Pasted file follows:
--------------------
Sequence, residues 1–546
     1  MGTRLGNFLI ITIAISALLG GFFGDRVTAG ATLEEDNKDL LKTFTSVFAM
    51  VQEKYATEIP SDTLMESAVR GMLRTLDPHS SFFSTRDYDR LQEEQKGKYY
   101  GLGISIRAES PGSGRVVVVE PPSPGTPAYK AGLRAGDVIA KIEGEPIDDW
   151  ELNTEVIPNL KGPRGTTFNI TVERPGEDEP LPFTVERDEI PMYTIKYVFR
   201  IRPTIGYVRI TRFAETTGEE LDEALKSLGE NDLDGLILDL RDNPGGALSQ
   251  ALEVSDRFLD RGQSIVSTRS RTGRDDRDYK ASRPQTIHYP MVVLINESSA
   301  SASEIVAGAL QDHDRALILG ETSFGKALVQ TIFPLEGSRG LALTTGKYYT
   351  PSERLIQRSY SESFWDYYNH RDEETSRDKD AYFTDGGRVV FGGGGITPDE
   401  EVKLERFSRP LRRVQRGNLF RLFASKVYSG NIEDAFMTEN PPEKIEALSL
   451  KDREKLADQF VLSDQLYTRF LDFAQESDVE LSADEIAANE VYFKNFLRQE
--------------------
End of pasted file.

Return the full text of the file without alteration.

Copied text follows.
Sequence, residues 1–546
     1  MGTRLGNFLI ITIAISALLG GFFGDRVTAG ATLEEDNKDL LKTFTSVFAM
    51  VQEKYATEIP SDTLMESAVR GMLRTLDPHS SFFSTRDYDR LQEEQKGKYY
   101  GLGISIRAES PGSGRVVVVE PPSPGTPAYK AGLRAGDVIA KIEGEPIDDW
   151  ELNTEVIPNL KGPRGTTFNI TVERPGEDEP LPFTVERDEI PMYTIKYVFR
   201  IRPTIGYVRI TRFAETTGEE LDEALKSLGE NDLDGLILDL RDNPGGALSQ
   251  ALEVSDRFLD RGQSIVSTRS RTGRDDRDYK ASRPQTIHYP MVVLINESSA
   301  SASEIVAGAL QDHDRALILG ETSFGKALVQ TIFPLEGSRG LALTTGKYYT
   351  PSERLIQRSY SESFWDYYNH RDEETSRDKD AYFTDGGRVV FGGGGITPDE
   401  EVKLERFSRP LRRVQRGNLF RLFASKVYSG NIEDAFMTEN PPEKIEALSL
   451  KDREKLADQF VLSDQLYTRF LDFAQESDVE LSADEIAANE VYFKNFLRQE